I grew up thinking life was a ladder. You crawled, then you walked, at 5 you went to kindergarten, at 16 you could drive and at 18 you would graduate And be able to vote. I believed if you did your homework, worked hard then you would get good grades. Good grades, responsibility, volunteering and leadership was the recipe to get you into University. University symbolized a good job, money and a successful future. Convocation represented fruitful career opportunities Landing a full time, permanent job, at 21 in the field I studied and prepared for represented success, committment, hard work and determination invested had paid off. Marriage meant a partner for life, and the opportunity to have children and build a happy family. After my first child I got a Masters Degree and continued to climb my imagined proverbial ladder. After marriage and birthing 2 children I would advanced my career; transitioned from classroom teacher to school Principal. Doing all this by 29 equaled success and prosperity right?I had it all right? I had arrived! I had climbed the ladder; followed my imagined recipe for life! Therefor, by my own definition I should have felt successful, fullfilled, and accomplished. By this standard I was a leader, and a role model. I was achieved the dream! I reached the top. I won the Prime Minister’s Award, Citizen of the Year Awards, and numerous designations in my field. I was more than I had ever dreamed of becoming.
Ironically, I was miserable! I was an emotionless stone. I was rigid, isolated and lonely. Yet, I had no idea. I didn’t know what I didn’t know!
Had I reached the finish line? The top of the ladder? I did life just as I had imagined. I climbed my own metaphorical ladder. Therefor, by my own standard I should have felt happy, successful, accomplished and financially set. So, why didn’t I? Was I ungrateful? Had I made poor decisions? Did I climb the ladder too fast? What happens when you reach the top of the ladder when you are young? Do you just hang out there? Once your ladder ends do you focus on erecting the ladders for your children and setting them up for success? Sadly, if this was the definition of success I was not giving my children a ladder!
By my mid 30’s I fell off the ladder. By my 40’s I recognized that life was not a ladder, but perhaps more representative of Chutes & Ladders or Snakes and Ladders. And, in my 30’s, and 40’s I kept sliding down all the chutes and wrestling all the snakes. I was not prepared for this! I envisioned life as a trajectory of moving upward. Taking steps backwards (imperfections, mishaving children, a deadbeat husband, repetative bad days, no savings) felt like a loss, and a failure. Without a ladder to focus on moving up, I was lost. I had no direction. Standing at the top was boring and unfulfilling. Thus, I slid down a chute, and another chute, and then another. Each time I exited the chute, I was more lost than the previous time. I didn’t know which direction to go, no clue which way was up or even if I wanted to go back up! I didn’t know where I wanted to go, I was completely lost!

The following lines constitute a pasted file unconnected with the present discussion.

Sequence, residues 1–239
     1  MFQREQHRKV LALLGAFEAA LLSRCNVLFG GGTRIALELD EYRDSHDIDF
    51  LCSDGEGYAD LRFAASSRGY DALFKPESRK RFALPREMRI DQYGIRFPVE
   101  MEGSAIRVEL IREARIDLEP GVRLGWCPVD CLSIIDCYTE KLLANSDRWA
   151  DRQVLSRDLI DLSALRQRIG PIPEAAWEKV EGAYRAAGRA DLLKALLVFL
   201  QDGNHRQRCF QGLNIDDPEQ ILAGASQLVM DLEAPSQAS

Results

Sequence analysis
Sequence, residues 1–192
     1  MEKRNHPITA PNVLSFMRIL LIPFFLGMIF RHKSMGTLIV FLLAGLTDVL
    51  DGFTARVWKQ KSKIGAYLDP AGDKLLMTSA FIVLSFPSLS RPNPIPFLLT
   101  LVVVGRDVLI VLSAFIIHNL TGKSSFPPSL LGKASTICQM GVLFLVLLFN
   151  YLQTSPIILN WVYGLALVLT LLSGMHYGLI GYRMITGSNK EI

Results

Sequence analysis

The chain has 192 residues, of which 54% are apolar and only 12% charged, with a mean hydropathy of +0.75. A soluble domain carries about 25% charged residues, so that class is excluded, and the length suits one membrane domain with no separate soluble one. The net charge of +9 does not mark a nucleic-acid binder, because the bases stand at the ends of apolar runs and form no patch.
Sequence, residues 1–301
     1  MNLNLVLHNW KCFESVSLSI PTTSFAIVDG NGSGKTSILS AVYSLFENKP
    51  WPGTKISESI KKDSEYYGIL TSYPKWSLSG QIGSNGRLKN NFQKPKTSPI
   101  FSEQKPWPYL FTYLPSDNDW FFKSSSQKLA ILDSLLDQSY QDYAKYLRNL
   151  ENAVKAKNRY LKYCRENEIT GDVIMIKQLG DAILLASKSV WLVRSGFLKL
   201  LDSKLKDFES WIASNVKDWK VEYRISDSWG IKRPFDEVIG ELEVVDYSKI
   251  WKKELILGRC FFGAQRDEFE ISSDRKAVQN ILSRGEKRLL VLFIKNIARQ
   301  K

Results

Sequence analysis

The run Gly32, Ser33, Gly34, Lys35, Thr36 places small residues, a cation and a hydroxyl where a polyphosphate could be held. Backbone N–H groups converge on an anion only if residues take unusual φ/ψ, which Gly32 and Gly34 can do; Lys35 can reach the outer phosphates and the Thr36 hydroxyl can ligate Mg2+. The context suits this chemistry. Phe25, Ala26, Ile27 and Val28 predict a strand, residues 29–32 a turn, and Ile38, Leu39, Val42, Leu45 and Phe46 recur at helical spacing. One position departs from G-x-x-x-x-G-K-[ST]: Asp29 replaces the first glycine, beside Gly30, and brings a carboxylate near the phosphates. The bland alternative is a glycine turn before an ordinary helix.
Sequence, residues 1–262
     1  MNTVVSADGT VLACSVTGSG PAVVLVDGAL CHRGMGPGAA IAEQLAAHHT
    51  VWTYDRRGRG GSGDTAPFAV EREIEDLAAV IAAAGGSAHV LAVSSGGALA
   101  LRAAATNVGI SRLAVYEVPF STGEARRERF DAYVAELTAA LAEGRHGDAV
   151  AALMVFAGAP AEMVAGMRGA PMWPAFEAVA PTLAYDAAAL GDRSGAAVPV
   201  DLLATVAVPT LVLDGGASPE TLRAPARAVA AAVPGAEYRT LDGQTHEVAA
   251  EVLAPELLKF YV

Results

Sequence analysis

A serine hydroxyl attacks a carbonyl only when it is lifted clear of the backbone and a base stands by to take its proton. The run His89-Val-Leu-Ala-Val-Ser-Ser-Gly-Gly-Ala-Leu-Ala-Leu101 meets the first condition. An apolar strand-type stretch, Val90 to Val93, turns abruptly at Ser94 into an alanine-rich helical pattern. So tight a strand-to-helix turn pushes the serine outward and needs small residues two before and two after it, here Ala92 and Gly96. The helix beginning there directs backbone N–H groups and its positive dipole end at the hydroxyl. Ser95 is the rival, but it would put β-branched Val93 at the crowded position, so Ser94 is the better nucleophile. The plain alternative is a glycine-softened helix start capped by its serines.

While I was lost, I did a lot of stupid things in search of the joy, the high, the satisfaction I used to depend on each time I reached a new rung on the ladder.
I abandoned my “successful” career, relocated my family a 150kms to the city, divorced my husband, sold my house, attempted and quit a Ph.D, lost weight, gained weight, lost weight, gained weight, had weightloss surgery in a foreign country, moved houses 5 more times, crashed cars, went bankrupt, dated copious amounts of men, chose the wrong men, and by 40 I landed myself in the hospital for 6 weeks on suicide watch.
So if life isn’t a ladder to be climbed what is it? Battleship? Guess Who? Boggle? Hunger Games?
Give me the recipe for success. I will follow it. I just want to follow the right path. No chutes. No snakes!
Quizzically, what I have learned is that chutes and snakes are a part of life. The part I hadn’t prepared for. This took me 42 years to figure out! I wish I had known sooner. I wish I packed my bags for the ride I was unprepared for. I dod not have the right tools, or skills for the downward ride. I wish someone had told me; prepared me. Maybe they did…. perhaps I was too busy climbing to listen, to busy to see the signs. Perhaps I was a bull in a china shop?
What I know now, that I didn’t know then is that I NEED to listen! I need to listen to people who love me. I need to listen to my heart, and my body. I have learned to slow down; and enjoy time on the grass looking up at the sky, while my ladder sits beside me. I’m learning to enjoy the view from every elevation! I’m no longer on the proverbial ladder, nor am I skidding down the chutes, and oddly I’m ok. I’m better than ok. I have upgraded from tunnel vision to peripheral vision, and life is brighter. I have shifted from independence to interdependence. I’m not stepping on people in order to climb, I’m learning to walk with them and to lift them up, and journey alongside them. I’m finding joy in supporting others rather than solely hoisting myself.
Reigniting my passion for learning and personal growth is my latest adventure, which is why I’m here. Why I’m writing and why I share this story with you.
If only I had known life was not a ladder to be climbed. If only I had known status and money did not equal success and happiness. At 42, I can now see life is a journey made up of twists and turns. I must redefine what success means and which path will lead me down the road to happiness. I must reframe my thinking about chutes and snakes when they occur. And this is WHY I have chosen to Curate MY Consciousness❤️ At 42, I am healthier than I have ever been; mind, body and soul, but there is still work to.